§ion=&combo2=&text1=&text2=&SocNetUsername=&SocNetPassword=&authCode=& 7th Decade Thoughts: September 2010

7th Decade Thoughts

Thoughts about books, politics and history (personal and otherwise), pictures I've taken and pictures I've edited.

Monday, September 13, 2010

The Unknown Terrorist by Richard Flanagan

Flanagan states the thesis of this novel--for it is a novel in service of an idea--right up front: "The idea that love is not enough is a particularly painful one. In the face of its truth, humanity has for centuries tried to discover in itself evidence that love is the greatest force on earth."

I thought The Unknown Terrorist was terrific, but not at first. It was more than just well-written. Flanagan is a dynamite writer, but it seemed to me it was all set up perfectly and it was clear what would happen. True enough. Then about half way through, having left the book idle for weeks on the bedstand, I picked it up again and suddenly couldn't stop. True enough it played out as I expected (and it turns out Flanagan says he took the plot from The Lost Honour of Katharina Blum by Heinrich Böll) but the text and the commentary on trust and truth and love in our culture was phenomenal. Far more powerful than any political tract.

The main character is "the Doll" or "Krystal", a pole dancer at a gentleman's club called The Chairman's Lounge in Sydney. Her real name is Gina Davies. She's in her 20ies, living a completely materialistic life dressed in designer clothes, eschewing banks and stashing cash to the amount of nearly $50,000 for a down payment on a apartment. She's chosen to exploit her body because she can make real money and buy some respect--more than she got of either at a call center. One night she meets the handsome Tariq at a Carnival and spends an passionate night with him. 

At the same time Richard Cody, aging TV anchorman in danger of being eclipsed, recognizes her in a surveillance photo with Tariq who's become a suspect in a failed stadium bombing that has scared the population and made it necessary for the perpetrator to be caught and punished. Cody recognizes her because she snubbed him outside The Chairman's Lounge. As security and news and government personnel seek to find the would-be terrorist, they latch onto Tariq largely because he's disappeared, though they later find he's been in and out of Pakistan (where he has relatives and where he's gone to collect drugs). Richard Cody identifies Gina in the photo and decides to consider her an "accomplice" to the "terrorist".  As the authorities pull out all the stops to find her, Cody plans a TV exclusive that will show the government at work to catch the dangerous terrorists--and fast. He ignores the possibility that Gina--and even Tariq--might be innocent. 

When Tariq's body turns up in a trunk, Gina becomes "the terrorist" and a likely murderer as well.  By that time the government, the security services, and Cody and his TV network have too much at stake to care about the truth. After all a programmer cum low-level drug dealer and a pole dancer are just the sorts you want to accuse of being "homegrown terrorists" if you have to accuse anyone--and of course they do in order to ally public fears and remain in control.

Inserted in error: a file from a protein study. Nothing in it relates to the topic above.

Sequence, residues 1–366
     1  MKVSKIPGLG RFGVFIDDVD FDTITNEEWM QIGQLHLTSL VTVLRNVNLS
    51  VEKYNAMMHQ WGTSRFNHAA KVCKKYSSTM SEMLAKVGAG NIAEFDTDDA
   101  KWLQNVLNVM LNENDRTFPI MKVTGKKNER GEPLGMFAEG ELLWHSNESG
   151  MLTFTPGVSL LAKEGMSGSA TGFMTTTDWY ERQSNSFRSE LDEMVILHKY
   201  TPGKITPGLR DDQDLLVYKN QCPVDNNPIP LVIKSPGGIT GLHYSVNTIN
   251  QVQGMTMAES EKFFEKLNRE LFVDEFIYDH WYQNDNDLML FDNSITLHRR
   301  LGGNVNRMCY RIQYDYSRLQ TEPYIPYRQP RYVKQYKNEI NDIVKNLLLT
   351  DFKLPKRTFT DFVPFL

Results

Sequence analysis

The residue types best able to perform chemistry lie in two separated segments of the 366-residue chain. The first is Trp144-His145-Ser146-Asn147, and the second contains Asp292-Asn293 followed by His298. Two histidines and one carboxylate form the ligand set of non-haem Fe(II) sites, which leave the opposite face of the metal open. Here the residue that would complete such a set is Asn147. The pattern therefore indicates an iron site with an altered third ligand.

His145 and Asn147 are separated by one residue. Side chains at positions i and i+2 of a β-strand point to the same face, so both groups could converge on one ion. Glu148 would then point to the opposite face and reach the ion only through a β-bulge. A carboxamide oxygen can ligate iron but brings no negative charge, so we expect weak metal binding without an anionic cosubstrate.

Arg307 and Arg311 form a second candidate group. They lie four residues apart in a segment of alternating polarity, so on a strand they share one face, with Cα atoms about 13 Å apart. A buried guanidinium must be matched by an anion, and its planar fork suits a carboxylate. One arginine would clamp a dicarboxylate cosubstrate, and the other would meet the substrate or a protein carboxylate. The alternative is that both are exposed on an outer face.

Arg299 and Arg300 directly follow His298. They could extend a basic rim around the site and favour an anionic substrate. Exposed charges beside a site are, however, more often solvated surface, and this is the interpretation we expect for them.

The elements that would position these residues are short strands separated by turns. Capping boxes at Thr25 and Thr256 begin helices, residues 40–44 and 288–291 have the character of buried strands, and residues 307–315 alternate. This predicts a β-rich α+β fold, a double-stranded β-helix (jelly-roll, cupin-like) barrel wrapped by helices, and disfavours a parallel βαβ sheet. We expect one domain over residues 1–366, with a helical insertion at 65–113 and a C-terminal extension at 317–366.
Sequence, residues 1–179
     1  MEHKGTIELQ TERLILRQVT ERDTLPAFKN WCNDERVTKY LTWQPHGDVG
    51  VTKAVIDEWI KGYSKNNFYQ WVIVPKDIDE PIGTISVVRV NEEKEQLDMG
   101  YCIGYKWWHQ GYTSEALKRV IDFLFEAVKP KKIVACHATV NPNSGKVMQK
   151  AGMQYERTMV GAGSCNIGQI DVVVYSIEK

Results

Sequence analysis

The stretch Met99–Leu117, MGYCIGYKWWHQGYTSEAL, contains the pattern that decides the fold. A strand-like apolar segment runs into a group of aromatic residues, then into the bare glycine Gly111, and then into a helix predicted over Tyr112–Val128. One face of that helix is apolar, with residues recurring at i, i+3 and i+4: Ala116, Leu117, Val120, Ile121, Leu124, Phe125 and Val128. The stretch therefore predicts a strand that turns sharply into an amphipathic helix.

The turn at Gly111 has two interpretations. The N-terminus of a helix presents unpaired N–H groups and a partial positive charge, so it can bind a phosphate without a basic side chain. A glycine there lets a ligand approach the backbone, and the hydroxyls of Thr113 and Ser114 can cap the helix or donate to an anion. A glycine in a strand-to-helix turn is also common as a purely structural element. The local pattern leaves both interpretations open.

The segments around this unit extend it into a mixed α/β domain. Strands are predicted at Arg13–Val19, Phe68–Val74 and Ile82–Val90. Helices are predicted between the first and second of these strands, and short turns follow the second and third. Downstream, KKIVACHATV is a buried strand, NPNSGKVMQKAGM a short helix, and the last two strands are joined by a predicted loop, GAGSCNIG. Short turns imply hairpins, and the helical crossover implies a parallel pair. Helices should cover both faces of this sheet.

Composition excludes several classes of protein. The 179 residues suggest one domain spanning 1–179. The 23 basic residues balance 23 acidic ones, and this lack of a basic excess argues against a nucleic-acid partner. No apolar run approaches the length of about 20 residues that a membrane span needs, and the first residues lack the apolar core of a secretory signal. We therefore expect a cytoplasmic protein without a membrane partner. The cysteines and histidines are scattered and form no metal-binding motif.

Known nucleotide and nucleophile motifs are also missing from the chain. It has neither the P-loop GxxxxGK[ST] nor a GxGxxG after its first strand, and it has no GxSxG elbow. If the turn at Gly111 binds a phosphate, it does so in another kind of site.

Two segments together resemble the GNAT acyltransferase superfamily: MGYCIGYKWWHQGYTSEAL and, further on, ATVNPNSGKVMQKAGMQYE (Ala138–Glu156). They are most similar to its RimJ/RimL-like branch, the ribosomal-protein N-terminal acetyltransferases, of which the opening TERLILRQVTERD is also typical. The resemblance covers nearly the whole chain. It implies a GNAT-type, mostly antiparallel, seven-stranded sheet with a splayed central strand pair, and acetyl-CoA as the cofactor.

As she flees, the reader learns more and more about Gina, both why her background makes her the perfect "fall guy" and why she is afraid to try and clear her name by going to the police.

I've read two others by Flanagan: Gould's Book of Fish and Wanting, both of which I liked and both of which were rich  in the kind of cultural observation that really makes sense to me, but neither with the sheer power and single-mindedness of this one. I'm not saying that makes it a better novel, but it makes it maybe the best political argument I've read in a long time. I will recommend that everyone read it.

What I Talk About When I Talk About Running by Haruki Murakami

I enjoyed this short book even though I've not much interested in running or racing (or swimming or biking competitively for that matter). I thought it was honest and certainly not overblown. I felt like I got to know the person a bit more and since I've liked everything by him I've read--some of it among the best contemporary novels I've read--I liked learning more about the person.

This book doesn't by any means give a total picture of his life. For example, he mentions a "wife" fairly often and occasionally gives the reader tidbits about her, but we don't know her name or much about her at all: she came from a family with business sense, she encourages him in all his races, she had a swimming coach whom he subsequently used and liked. I presume it's been the same wife all along. 

I does tell me about how he decided to become a novelist and how he works, without, though, ever discussing his work. The only titles he even mentions are early novels and Blink Willow Sleeping Woman and that only in the context of having to write an intro for the collection of stories. Still I know more about the man writing that I do about most writers through memoirs.

Running--the way he goes about training and "performing"--becomes a metaphor for his writing process. I also liked that his priorities were clear. If a race that might take even more prep presents itself he may decline on the basis that his reason for running was to be healthy and fit enough to write novels into his old age.

I like that he's stubborn and persistent and private and doesn't try much to be anything else.

I'd rate it 9/10 as memoirs go.